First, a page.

Facebook Timeline chronicles your life

Facebook's new feature shows your whole life in pictures and updates, for all to see, from the present day to your birth. Uh oh.

If you have an embarrassing incident or two someone's flagged up on Facebook, bad news: a new feature makes it easier for everyone to scroll through everything you've ever posted, including pics, updates, events, humiliating drunken incidents, the lot. And it goes all the way back to your birth.

It's a way of telling "the story of your life", according to Mark Zuckerberg, Facebook's goat-killing CEO . It marks a much more visual style to the site, being picture-heavy, and is far better looking than the previous design.

Timeline is like a traditional Facebook wall, but going all the way back to the earliest thing you've added. On the right you'll see years: click one, and everything you've uploaded or that's been added about you will appear on the page. But it's not as hectic as it sounds.

Facebook will prioritise certain photos and events over others, so the most important ones will be more prominent, with lesser ones shaded in grey. Hover over a photo, and you'll have the option of viewing others from the same album. Zuckerberg didn't say how it prioritises, but in the demo a photo of him presenting was visible while one of an empty podium was hidden.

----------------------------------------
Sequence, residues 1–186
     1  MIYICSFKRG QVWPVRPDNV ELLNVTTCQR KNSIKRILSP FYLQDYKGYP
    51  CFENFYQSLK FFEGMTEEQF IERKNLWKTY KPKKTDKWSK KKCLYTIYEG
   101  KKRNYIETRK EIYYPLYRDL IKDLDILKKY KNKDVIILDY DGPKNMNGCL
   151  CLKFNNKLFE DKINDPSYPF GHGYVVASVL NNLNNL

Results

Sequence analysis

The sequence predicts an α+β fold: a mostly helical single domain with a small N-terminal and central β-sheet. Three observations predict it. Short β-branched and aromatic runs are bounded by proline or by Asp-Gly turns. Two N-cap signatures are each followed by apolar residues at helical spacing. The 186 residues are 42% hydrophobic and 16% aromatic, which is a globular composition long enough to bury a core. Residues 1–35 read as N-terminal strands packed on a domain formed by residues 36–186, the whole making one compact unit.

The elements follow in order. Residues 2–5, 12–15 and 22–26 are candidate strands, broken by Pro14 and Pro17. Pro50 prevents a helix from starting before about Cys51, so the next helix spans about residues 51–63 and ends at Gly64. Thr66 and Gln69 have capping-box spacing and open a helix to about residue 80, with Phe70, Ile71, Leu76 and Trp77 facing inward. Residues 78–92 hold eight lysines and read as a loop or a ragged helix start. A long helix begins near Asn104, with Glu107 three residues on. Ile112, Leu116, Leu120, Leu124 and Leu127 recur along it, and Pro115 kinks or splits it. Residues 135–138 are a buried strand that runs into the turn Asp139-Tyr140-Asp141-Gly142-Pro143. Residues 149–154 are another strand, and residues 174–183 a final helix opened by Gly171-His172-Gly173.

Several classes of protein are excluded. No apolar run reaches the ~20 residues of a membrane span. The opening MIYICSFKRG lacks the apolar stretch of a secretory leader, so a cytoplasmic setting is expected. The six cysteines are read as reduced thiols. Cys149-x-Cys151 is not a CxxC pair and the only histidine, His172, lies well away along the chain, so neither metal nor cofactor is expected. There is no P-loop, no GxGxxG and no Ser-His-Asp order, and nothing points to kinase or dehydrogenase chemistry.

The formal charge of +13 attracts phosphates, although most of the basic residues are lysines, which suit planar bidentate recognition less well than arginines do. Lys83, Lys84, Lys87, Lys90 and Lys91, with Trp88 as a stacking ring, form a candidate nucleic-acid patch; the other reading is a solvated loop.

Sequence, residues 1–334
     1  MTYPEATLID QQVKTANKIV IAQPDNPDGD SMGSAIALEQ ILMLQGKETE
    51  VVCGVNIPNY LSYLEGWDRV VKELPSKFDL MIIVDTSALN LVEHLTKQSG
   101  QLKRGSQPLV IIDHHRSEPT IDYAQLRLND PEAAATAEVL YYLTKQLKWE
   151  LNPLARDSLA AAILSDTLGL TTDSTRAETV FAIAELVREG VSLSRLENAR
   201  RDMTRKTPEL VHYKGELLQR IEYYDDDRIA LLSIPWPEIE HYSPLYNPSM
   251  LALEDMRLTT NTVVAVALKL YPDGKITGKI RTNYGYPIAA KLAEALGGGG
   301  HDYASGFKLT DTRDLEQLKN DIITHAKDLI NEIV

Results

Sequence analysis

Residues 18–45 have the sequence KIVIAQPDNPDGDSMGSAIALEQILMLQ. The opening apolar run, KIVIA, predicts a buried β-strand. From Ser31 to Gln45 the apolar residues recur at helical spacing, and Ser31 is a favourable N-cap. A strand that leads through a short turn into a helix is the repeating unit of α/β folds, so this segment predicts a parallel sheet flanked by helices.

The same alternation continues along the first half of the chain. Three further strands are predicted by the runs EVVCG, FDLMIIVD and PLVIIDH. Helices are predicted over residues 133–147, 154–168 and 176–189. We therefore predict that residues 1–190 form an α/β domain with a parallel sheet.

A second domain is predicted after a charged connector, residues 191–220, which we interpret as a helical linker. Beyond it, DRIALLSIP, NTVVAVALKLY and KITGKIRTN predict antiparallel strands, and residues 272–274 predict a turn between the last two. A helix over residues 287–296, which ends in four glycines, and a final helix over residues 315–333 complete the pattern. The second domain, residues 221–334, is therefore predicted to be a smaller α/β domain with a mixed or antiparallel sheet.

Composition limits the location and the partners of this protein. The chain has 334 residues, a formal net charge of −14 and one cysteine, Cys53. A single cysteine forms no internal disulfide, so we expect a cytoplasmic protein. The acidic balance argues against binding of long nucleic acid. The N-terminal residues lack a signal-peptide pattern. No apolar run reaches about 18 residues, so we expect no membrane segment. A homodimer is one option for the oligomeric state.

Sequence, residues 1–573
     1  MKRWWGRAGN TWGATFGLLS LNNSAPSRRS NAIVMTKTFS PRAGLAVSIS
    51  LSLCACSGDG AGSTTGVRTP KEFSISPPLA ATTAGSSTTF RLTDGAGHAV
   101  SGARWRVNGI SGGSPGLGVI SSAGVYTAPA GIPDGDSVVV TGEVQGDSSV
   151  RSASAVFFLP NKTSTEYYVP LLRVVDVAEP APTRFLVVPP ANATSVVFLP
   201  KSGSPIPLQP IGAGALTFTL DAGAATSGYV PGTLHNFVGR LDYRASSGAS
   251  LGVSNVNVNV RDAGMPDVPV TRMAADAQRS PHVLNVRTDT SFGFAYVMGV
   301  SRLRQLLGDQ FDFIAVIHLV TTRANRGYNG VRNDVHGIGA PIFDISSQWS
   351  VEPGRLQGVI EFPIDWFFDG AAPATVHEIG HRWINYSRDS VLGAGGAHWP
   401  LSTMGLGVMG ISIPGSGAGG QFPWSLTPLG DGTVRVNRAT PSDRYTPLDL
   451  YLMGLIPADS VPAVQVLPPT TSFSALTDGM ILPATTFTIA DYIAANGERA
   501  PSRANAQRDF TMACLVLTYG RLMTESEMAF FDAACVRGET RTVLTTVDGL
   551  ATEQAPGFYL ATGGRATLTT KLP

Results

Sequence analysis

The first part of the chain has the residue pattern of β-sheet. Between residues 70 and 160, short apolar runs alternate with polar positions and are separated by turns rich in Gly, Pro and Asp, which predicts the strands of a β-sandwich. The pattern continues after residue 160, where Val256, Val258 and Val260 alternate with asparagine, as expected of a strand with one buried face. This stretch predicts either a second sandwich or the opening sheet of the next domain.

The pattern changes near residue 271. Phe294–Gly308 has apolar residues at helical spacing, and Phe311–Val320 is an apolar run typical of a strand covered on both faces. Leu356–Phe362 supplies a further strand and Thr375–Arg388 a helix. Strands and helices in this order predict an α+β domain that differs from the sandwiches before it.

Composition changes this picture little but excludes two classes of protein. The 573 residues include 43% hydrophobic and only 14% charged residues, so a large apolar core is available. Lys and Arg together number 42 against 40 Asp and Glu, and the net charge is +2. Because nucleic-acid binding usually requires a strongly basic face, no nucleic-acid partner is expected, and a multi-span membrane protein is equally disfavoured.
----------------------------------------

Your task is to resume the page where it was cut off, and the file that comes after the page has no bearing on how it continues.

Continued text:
Adding things to your Timeline is as simple as uploading a photo, and it works just as well on a mobile. You can view a Photo Timeline, which'll show all your snaps from that year and nothing else, or a Map Timeline view, showing everywhere you've been on a world map.

Apps let you add Reports to the Timeline, so instead of updating everyone on every meal you've cooked, they can find them all in one place. (Though why they'd want to do that is beyond us.) And at the top sits a large cover photo, which is separate to your profile pic and lets you give people a flavour of who you are.

A more visual look, but is it all for the best? Let us know on our Facebook page, appropriately enough.

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About the author

    Joe has been writing about consumer tech for nearly seven years now, but his liking for all things shiny goes back to the Gameboy he received aged eight (and that he still plays on at family gatherings, much to the annoyance of his parents). His pride and joy is an Infocus projector, whose 80-inch picture elevates movie nights to a whole new level.

     

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